News & Resources

Is an employee settlement agreement bulletproof?
06 August 2015  | Tata Mokwayi
“My business recently had to pursue disciplinary action against an employee. This was a difficult decision and process but we eventually reached a settlement in terms of which the employee agreed to resign and concluded a settlement agreement to that effect. I thought the matter was put to rest but now I hear the employee is going to take us to the CCMA. Surely he cannot override our settlement agreement and do this?”

A primary objective of the Labour Relations Act is to encourage parties to resolve their own labour disputes and not have to make use of formal dispute resolution mechanisms. Accordingly, should parties be able to resolve their own labour disputes by way of for example entering into a voluntary written settlement agreement either before, during or after a disciplinary hearing or retrenchment exercise, this is an acceptable method of laying a matter to rest and often helps avoid the parties having to air their dirty laundry in public. Such a settlement agreement usually determines that the matter is settled in full between the parties and that the employee cannot approach the CCMA with an unfair dismissal or unfair labour practice claim.

However, the Labour Appeal Court recently held in Builders Warehouse (Pty) Ltd v CCMA that the resolving of an unfair dismissal and/or unfair labour practice through a settlement agreement does not oust the jurisdiction of the CCMA from hearing the matter and dealing with the merits thereof. This means that a settlement agreement that is a 'full and final settlement’ and entered into willingly by an employee is not immune to review and further investigation. In the Builders Warehouse case it was held that the implementation of an agreement to accept demotion may constitute an unfair labour practice allowing the CCMA to have jurisdiction to conciliate over the matter which was finalised through a settlement agreement. The Labour Court held that the CCMA was able to consider the issue, despite any agreement, but that the presence of such an agreement would be a factor to be considered with the onus resting on the employee to prove the unfair conduct.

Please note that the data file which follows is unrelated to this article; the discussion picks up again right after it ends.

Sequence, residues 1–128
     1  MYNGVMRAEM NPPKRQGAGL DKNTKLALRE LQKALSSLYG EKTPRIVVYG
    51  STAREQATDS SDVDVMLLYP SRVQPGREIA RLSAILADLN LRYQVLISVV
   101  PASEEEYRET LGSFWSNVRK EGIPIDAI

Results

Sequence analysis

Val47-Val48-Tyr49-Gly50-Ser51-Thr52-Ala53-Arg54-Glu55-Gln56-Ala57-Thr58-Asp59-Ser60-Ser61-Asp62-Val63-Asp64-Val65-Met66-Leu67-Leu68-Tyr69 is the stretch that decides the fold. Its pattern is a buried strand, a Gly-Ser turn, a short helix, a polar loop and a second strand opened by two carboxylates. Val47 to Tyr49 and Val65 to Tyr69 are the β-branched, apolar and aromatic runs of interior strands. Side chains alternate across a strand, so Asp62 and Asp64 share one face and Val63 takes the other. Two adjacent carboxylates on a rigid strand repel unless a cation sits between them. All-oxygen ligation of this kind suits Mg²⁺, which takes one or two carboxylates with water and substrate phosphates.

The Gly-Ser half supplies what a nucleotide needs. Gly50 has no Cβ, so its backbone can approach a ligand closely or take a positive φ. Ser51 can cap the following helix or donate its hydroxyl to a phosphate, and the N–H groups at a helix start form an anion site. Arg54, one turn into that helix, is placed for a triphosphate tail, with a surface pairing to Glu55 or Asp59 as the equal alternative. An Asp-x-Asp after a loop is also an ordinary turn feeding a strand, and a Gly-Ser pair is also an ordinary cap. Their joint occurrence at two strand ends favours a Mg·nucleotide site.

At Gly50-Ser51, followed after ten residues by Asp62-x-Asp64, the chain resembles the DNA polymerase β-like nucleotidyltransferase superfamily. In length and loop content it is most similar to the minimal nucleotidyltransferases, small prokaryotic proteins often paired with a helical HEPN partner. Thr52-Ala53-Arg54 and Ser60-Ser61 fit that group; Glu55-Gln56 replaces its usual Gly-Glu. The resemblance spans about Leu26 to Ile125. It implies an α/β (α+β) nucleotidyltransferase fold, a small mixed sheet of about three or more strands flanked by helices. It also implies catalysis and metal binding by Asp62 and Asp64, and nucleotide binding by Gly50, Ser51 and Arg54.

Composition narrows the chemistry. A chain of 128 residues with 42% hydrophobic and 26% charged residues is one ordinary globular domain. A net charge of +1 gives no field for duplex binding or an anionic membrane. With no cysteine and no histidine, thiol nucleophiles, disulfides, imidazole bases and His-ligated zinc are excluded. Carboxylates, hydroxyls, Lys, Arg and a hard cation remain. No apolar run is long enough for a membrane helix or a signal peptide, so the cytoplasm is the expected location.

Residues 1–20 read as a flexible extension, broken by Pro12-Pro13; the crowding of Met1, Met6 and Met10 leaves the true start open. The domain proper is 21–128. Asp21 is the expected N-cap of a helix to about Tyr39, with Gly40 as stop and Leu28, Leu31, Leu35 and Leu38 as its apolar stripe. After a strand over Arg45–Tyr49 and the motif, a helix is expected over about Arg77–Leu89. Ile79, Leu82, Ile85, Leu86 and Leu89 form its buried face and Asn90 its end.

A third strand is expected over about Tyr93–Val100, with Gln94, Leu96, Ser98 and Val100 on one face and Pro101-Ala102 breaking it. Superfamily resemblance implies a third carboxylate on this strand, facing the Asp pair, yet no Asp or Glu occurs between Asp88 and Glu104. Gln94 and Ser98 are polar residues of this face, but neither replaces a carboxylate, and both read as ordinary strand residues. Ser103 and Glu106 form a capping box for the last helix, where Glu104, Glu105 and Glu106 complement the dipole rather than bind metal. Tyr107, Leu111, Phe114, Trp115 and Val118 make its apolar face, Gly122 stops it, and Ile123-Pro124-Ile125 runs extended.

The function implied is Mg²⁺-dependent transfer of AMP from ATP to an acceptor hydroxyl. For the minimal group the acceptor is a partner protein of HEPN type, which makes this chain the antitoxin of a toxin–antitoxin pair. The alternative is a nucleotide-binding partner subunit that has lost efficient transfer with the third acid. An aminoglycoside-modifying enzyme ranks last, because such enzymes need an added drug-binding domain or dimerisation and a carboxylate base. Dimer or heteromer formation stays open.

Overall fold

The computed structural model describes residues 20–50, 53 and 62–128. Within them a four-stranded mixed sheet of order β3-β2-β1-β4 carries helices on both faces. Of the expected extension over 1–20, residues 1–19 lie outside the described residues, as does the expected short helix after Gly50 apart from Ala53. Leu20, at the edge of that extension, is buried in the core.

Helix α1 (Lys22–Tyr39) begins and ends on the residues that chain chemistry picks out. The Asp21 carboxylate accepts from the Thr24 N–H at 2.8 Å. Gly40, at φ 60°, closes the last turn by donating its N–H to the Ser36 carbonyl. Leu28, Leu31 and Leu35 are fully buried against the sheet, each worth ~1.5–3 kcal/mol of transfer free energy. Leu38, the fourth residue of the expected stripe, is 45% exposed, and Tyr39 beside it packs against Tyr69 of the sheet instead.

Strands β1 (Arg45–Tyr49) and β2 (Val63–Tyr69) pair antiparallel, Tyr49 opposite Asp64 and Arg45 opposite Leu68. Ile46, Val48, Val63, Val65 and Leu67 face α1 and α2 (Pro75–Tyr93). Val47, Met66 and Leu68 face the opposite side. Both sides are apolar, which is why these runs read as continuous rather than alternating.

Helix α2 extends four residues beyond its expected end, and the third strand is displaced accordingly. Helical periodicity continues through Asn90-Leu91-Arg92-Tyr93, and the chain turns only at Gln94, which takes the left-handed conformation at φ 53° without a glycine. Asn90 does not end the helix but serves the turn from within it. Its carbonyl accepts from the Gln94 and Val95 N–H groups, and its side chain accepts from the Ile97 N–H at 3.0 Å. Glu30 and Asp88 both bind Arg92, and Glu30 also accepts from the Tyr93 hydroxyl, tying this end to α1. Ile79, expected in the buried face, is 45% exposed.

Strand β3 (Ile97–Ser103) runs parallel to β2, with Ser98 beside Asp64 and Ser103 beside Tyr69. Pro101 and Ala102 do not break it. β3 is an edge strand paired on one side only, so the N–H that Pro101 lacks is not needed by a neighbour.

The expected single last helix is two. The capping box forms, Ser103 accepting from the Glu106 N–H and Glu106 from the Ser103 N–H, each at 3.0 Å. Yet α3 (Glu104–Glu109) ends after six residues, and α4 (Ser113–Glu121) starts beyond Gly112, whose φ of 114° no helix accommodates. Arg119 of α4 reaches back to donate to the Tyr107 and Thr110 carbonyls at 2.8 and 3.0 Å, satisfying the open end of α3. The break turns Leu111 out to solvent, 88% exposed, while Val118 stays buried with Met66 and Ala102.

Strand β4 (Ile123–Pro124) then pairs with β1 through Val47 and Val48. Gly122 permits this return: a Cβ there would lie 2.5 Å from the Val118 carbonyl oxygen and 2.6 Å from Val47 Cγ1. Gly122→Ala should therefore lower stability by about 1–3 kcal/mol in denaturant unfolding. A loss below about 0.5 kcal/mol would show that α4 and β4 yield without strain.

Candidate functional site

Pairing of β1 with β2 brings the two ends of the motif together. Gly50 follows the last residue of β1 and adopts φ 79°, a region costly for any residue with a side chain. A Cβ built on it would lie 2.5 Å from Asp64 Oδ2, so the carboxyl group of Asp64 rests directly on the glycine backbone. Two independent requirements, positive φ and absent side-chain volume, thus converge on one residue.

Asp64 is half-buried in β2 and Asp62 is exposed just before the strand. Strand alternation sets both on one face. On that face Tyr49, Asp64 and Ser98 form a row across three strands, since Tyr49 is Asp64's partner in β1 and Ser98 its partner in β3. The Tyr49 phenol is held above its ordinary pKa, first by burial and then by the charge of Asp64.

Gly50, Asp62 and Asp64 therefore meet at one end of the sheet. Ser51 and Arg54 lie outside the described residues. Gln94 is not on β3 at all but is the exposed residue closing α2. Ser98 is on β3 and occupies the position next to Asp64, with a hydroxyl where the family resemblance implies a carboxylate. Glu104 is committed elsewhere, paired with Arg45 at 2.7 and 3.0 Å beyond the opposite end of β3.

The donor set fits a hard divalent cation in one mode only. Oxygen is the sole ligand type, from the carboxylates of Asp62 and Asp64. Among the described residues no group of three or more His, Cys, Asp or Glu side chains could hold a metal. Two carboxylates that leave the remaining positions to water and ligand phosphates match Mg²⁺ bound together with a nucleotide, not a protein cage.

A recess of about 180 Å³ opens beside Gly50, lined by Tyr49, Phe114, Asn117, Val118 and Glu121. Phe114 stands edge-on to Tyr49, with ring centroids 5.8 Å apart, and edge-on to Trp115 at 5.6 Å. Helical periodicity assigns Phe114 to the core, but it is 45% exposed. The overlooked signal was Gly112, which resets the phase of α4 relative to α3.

This means that an employee, even in a case such as yours where a settlement agreement was concluded, could still refer the matter to the CCMA, but that the onus will now be on the employee to show that the dismissal was unfair and that the settlement agreement should not apply.
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